Publius-Huldah's Blog

Understanding the Constitution

The Proposed “28th Amendment”: Another Terrible Idea

The proposed 28th Amendment reads:

Congress shall make no law that applies to the citizens of the United States that does not apply equally to the Senators and/or Representatives; and, Congress shall make no law that applies to the Senators and/or Representatives that does not apply equally to the citizens of the United States.

1.  Should we support this?  Let’s think it through:  Ours is a Constitution of “enumerated powers” only.  See “Congress’ Enumerated Powers”.

2. The problem is that Congress, the Executive Branch, and the Judicial Branch IGNORE the Constitution.

3. How would an Amendment fix this?  Why would any Branch of the federal government apply any such Amendment the way you think it should be applied?  How could any Amendment MAKE them obey the Constitution, when they don’t obey it now?

4.  The reasons they disobey the Constitution are these:  They want to, and We the People wanted them to.  Social security, Medicare, government grants, programs for farmers, earmarks, etc., are all unconstitutional as outside the scope of the enumerated powers of Congress. But we wanted the handouts – we wanted the pork.  So we didn’t care that what they were doing was unconstitutional.

5.  Now, listen carefully: The proposed 28th Amendment would have the effect of creating a “general” legislative power in Congress.  A “general” legislative power is the opposite of  enumerated powers only.  With the “general” legislative power created by the proposed 28th Amendment, Congress could make any law on any object as long as it applied to them as well as to us.

So, while you might think that the 28th Amendment will “show them” that they can’t pass laws for us and exempt themselves, the actual result of such an Amendment would be to destroy the concept of “enumerated powers” altogether. Plus, they would continue to ignore the Constitution!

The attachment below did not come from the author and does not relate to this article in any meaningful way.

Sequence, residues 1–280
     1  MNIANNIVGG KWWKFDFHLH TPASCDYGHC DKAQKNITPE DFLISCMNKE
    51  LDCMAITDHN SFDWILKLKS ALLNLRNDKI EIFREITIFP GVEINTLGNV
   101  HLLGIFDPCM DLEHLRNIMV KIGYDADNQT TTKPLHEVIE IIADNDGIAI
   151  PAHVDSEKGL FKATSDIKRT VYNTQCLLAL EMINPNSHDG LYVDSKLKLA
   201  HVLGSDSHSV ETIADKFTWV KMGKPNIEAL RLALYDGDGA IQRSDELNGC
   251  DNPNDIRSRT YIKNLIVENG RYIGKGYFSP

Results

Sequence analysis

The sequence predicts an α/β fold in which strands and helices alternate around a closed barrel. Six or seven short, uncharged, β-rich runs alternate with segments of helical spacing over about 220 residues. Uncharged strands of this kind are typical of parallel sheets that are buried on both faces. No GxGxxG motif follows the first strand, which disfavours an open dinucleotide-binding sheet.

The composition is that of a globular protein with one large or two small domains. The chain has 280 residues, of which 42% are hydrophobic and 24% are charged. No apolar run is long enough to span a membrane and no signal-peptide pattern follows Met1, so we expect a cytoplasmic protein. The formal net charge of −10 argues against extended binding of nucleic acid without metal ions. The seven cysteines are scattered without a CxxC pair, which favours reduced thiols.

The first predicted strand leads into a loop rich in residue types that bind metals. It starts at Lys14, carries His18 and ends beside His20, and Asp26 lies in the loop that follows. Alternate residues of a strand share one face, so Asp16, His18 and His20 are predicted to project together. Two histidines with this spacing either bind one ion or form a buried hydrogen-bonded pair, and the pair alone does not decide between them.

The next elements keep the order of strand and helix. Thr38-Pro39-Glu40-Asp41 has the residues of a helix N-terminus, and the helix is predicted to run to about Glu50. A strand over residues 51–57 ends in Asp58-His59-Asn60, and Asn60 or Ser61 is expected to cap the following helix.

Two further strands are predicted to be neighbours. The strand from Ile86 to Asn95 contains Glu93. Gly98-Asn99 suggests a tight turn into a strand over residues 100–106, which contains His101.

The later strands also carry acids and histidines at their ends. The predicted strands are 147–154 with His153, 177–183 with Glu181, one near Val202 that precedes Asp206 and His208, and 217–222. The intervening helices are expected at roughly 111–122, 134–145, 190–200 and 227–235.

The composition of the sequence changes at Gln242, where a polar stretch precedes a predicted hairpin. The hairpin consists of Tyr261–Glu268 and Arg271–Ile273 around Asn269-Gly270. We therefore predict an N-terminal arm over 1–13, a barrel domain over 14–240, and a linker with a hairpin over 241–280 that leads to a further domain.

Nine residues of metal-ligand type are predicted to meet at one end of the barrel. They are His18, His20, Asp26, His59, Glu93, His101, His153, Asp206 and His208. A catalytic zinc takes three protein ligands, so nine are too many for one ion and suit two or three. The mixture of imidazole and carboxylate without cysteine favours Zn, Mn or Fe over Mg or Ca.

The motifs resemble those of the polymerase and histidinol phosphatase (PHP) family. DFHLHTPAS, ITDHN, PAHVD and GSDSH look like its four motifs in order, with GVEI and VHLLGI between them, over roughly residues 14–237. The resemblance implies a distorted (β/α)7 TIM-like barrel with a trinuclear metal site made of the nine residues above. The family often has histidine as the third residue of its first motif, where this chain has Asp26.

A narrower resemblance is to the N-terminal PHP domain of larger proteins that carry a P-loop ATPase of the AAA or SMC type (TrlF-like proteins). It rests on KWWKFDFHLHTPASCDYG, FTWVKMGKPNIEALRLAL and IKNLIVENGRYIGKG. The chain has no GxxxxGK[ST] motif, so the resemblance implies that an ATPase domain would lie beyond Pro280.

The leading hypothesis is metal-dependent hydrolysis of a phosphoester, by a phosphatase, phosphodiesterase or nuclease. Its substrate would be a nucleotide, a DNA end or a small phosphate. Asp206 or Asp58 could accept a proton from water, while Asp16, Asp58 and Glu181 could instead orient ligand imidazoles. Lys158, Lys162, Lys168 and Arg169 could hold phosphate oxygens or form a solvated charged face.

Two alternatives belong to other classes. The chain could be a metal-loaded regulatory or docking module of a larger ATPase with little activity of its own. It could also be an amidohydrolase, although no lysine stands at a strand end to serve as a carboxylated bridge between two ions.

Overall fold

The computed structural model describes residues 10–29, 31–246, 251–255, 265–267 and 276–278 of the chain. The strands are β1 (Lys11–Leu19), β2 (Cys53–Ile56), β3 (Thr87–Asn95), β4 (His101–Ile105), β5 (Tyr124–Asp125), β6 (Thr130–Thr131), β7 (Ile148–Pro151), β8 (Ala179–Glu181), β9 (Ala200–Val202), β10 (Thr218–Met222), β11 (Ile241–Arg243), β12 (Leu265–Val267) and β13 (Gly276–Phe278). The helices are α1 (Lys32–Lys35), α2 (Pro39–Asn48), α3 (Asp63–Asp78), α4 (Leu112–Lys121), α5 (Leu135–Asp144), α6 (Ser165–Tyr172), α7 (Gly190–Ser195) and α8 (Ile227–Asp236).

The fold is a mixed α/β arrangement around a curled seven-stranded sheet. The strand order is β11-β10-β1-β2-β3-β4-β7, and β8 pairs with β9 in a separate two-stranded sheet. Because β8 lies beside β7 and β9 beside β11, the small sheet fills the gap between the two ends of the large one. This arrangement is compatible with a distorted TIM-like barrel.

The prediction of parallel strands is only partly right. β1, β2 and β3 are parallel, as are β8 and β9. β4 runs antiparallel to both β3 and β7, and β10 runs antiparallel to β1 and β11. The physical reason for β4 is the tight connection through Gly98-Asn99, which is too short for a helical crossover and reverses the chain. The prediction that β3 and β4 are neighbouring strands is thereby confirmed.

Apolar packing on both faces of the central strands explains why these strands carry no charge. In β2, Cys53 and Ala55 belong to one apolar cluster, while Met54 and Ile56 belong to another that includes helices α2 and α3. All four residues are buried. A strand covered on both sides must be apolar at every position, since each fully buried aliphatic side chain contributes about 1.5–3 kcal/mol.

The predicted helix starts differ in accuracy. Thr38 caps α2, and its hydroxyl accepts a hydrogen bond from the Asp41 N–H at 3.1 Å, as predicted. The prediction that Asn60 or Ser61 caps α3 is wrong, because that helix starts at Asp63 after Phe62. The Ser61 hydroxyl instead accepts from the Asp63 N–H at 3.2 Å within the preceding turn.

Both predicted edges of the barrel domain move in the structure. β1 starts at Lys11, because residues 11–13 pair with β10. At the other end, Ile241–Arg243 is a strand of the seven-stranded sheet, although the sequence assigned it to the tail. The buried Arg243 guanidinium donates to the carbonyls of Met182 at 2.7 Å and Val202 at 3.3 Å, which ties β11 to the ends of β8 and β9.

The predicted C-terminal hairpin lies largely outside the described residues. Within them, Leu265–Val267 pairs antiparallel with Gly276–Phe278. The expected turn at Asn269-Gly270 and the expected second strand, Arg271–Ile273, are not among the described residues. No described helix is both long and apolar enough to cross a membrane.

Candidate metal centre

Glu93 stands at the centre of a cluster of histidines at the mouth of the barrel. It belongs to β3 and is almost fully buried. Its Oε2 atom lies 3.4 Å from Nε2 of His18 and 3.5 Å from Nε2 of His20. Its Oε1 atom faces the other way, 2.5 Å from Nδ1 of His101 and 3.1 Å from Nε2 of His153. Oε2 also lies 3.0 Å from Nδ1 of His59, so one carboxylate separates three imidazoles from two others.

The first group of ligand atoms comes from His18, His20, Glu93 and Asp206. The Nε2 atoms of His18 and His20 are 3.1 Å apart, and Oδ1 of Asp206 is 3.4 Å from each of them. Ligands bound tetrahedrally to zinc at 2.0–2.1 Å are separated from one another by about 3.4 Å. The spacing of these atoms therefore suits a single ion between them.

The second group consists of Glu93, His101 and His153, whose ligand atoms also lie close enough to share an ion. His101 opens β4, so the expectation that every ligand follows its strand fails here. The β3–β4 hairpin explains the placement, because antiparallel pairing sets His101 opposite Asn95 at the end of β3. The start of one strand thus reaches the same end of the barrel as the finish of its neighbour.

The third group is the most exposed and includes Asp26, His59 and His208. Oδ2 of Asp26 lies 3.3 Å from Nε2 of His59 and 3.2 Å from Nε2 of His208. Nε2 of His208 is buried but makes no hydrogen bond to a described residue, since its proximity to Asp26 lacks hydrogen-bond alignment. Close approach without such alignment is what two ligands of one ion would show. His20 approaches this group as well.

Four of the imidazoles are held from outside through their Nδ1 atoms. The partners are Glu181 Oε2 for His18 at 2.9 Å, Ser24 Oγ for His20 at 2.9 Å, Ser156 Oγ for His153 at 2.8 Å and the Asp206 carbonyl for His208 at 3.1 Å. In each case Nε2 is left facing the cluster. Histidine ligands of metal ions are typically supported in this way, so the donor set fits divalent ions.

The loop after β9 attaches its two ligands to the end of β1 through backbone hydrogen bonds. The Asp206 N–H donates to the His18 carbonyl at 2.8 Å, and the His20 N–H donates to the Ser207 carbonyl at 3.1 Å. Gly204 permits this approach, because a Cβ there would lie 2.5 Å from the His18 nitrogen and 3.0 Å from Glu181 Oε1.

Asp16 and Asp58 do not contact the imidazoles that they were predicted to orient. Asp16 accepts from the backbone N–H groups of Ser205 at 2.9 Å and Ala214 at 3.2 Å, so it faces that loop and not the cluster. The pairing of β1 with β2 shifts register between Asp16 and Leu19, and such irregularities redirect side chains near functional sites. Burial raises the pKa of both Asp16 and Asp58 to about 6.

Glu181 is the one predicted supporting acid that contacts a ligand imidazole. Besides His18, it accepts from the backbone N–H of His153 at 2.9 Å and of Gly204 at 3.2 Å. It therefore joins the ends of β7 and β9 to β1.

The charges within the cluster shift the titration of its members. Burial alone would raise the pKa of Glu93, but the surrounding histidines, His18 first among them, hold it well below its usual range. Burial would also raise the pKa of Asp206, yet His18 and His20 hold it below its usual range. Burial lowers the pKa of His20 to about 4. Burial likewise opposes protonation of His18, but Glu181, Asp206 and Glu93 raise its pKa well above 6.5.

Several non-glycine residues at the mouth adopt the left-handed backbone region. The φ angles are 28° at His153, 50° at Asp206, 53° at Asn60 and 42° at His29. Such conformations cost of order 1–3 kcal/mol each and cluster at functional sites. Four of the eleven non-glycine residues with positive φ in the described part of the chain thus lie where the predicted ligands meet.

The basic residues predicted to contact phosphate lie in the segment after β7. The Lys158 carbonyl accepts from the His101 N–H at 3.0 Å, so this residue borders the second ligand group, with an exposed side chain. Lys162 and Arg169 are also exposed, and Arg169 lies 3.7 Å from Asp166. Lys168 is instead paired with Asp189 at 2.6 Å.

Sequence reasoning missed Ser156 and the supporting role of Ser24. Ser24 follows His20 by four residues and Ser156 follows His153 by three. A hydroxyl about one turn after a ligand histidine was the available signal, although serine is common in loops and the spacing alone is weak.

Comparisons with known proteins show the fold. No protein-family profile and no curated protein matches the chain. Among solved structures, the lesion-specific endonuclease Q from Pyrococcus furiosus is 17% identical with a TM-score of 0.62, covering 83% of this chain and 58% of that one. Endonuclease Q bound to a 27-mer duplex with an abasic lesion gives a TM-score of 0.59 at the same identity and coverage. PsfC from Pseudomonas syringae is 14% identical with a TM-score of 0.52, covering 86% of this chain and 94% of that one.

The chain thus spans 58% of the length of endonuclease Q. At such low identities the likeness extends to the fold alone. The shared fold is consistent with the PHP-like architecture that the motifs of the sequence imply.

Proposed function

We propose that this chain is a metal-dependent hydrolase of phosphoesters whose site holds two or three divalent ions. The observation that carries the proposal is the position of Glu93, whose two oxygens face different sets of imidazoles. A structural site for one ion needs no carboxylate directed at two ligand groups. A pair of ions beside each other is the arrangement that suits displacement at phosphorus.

6. Amendments to the Constitution are, in general, a really bad idea.  In Federalist No. 84 (10th para), Alexander Hamilton warned against “bills of rights” .  He said that not only are they unnecessary, they are dangerous – for they provide, to those disposed to usurp, a pretext for doing so.  He said:

I go further, and affirm that bills of rights, in the sense and to the extent in which they are contended for, are not only unnecessary in the proposed Constitution, but would even be dangerous. They would contain various exceptions to powers not granted; and, on this very account, would afford a colorable pretext to claim more than were granted. For why declare that things shall not be done which there is no power to do? Why, for instance, should it be said that the liberty of the press shall not be restrained, when no power is given by which restrictions may be imposed? I will not contend that such a provision would confer a regulating power; but it is evident that it would furnish, to men disposed to usurp, a plausible pretense for claiming that power. They might urge with a semblance of reason, that the Constitution ought not to be charged with the absurdity of providing against the abuse of an authority which was not given, and that the provision against restraining the liberty of the press afforded a clear implication, that a power to prescribe proper regulations concerning it was intended to be vested in the national government. This may serve as a specimen of the numerous handles which would be given to the doctrine of constructive powers, by the indulgence of an injudicious zeal for bills of rights.

Hamilton was right.  The U.S. Supreme Court has since used the 1st Amendment, which guarantees free exercise of religion & free speech, to BAN Christian speech in the public square.  See:  The Lie of “Separation of Church and State” & the U.S. Supreme Court’s Usurpations of Power.  See also Citizens United v. Federal Elections Commission (2009) for a history of the Supreme Court’s 1st Amendment jurisprudence respecting political speech!  YES, they have long approved congressional restrictions on political speech!  Reconcile that with the text of the 1st Amendment!  You can’t.

The point is this:  The federal courts will construe any new Amendment however they want!